A popular regional recycling program operated by Emmet County was held up as an example of successful rural recycling programs on Wednesday, Feb. 5, in Washington, D.C. during a hearing by the Subcommittee on Interior, Environment, and Related Agencies of the U.S. House of Representatives’ Committee on Appropriations.
The hearing on “Strengthening Community Recycling Programs: Challenges and Opportunities,” was convened to explore how the federal government can partner with states and counties to increase recycling.
Emmet County was first mentioned in testimony by Adam Ortiz on behalf of the National Association of Counties. He said, “Emmet County, Michigan is a rural county with a population of 33,000. The county offers curbside collection services to 60 percent of its residents and operates 13 recycling drop-off sites. In total, 80 percent of county residents participate in the program, and as a result, Emmet County has a recycling rate of 40 percent, five percent higher than the national average.
The county began making investments to improve recycling efforts in the 1990s through state grants; a voter-approved, two-year dedicated recycling tax; community engagement and education. When the recycling market was at its peak, the county invested in new technology and infrastructure to improve the county’s recycling efforts and expanded recycling collection services to communities outside the county.”
Later in the hearing, Michael Gajewski, Managing Director, Closed Loop Partners seconded Ortiz’s remarks about Emmet County Recycling (ECR) in informal comments opening his testimony. Closed Loop Partners is a New York-based investment firm focused on building the circular economy. Closed Loop has made a $1 million interest-free loan to Emmet County for improvements to the sort line where ECR separates bottles, cans, cups, trays, and cartons to go to the separate factories which use them. The improvements will include the addition of sorting robots.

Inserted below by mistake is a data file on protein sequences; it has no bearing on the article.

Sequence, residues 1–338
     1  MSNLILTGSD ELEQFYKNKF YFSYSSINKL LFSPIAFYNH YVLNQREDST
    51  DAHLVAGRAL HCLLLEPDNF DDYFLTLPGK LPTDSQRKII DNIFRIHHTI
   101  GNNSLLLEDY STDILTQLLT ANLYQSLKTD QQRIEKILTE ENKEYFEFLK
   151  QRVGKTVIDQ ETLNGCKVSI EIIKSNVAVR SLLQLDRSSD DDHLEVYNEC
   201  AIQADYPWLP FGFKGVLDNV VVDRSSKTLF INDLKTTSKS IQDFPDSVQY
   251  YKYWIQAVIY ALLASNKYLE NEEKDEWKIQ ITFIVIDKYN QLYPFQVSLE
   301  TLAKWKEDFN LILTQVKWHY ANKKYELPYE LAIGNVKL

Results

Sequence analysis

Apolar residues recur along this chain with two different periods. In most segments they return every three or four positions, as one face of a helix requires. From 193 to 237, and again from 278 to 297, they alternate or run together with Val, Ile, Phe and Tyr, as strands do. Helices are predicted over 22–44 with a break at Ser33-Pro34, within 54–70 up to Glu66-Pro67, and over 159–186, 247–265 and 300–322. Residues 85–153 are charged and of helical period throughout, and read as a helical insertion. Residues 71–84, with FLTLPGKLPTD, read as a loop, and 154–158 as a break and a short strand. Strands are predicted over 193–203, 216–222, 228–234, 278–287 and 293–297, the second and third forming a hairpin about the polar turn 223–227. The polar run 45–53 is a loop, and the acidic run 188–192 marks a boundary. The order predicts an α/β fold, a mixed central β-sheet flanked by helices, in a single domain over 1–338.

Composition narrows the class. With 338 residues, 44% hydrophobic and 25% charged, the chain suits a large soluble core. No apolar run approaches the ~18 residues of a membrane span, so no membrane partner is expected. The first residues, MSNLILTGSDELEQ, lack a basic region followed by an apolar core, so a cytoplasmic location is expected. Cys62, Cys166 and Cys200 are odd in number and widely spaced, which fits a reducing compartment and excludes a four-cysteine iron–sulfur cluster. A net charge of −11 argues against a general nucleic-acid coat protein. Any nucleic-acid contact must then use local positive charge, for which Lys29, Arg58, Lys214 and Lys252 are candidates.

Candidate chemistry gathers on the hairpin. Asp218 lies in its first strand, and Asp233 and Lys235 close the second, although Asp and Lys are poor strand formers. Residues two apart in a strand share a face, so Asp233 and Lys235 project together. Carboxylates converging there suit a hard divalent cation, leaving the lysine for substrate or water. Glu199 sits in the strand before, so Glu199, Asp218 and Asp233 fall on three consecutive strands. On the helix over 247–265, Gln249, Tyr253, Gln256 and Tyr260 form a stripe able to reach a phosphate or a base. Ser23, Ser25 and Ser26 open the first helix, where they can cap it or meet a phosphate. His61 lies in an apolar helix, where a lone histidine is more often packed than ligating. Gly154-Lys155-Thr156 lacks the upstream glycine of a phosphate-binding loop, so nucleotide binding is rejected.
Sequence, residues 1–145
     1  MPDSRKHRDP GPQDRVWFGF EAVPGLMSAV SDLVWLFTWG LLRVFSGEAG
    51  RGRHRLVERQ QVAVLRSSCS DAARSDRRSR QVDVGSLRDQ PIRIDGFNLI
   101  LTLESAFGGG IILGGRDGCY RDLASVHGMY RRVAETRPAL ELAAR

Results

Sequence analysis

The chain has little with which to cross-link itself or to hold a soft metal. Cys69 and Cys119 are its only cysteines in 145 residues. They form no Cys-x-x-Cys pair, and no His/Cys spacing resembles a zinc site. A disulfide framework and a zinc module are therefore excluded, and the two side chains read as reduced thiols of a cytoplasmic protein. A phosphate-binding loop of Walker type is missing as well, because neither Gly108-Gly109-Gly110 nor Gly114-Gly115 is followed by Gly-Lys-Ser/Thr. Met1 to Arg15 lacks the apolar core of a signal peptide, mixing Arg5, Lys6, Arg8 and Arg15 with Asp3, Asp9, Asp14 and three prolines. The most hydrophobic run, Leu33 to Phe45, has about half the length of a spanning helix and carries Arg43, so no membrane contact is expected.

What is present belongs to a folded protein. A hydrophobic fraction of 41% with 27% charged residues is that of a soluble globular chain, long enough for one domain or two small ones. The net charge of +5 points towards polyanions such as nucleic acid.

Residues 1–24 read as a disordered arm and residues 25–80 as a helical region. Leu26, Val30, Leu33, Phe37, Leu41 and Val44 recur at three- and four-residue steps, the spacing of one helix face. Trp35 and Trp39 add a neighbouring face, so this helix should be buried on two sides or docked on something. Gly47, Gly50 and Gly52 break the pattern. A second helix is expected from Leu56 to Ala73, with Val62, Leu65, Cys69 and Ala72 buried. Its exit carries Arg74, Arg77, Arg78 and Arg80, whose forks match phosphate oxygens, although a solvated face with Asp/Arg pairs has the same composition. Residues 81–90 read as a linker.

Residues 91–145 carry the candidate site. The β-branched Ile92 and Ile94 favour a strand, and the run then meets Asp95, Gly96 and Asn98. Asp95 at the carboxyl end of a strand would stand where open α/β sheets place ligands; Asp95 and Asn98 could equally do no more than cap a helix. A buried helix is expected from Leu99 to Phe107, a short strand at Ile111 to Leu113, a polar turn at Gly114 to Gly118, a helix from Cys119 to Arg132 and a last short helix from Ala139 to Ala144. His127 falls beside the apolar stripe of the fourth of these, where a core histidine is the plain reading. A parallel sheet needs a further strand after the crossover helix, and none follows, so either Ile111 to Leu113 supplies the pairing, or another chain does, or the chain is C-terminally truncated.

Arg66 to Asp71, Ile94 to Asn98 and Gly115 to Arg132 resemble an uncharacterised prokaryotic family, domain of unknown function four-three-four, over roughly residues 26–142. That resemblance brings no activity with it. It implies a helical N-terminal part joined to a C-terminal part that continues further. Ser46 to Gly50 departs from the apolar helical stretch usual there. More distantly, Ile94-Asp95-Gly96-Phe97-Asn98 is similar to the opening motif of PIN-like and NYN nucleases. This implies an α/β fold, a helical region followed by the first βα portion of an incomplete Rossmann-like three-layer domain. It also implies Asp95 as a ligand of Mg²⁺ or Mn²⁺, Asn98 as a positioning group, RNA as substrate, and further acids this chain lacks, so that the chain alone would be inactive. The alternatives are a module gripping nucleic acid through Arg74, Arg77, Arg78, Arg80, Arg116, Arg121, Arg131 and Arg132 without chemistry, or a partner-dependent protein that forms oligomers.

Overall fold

Emmet County Recycling sorts and ships recyclables collected by Cheboygan and Presque Isle counties as well as their own, achieving economies of scale for all three counties. Emmet County prioritizes recycling locally, with 95 percent (by weight) of the materials produced supplying a Michigan business. While Ortiz noted that Emmet County recycles over 40 percent of its waste stream, Michigan’s average is 15 percent.
Emmet County Department of Public Works Director Andi Shepherd commented, “Emmet County has successfully provided quality recovered materials to manufacturers while saving our residents and businesses money—and of course improving the environment—for 30 years. We are able to do this thanks to our dual-stream collection and processing systems, solid policy and funding foundations, and the enthusiastic support of northern Michigan residents and businesses. We appreciate the recognition and look forward to continuing to contribute to improvements in recycling at the regional, state, and national levels.”
A full video of the hearing is available at https://appropriations.house.gov/events/hearings/strengthening-community-recycling-programs-challenges-and-opportunities. Mr. Ortiz’s testimony begins at minute 53 of the recording. More information about Emmet County Recycling can be found on their website at EmmetRecycling.org.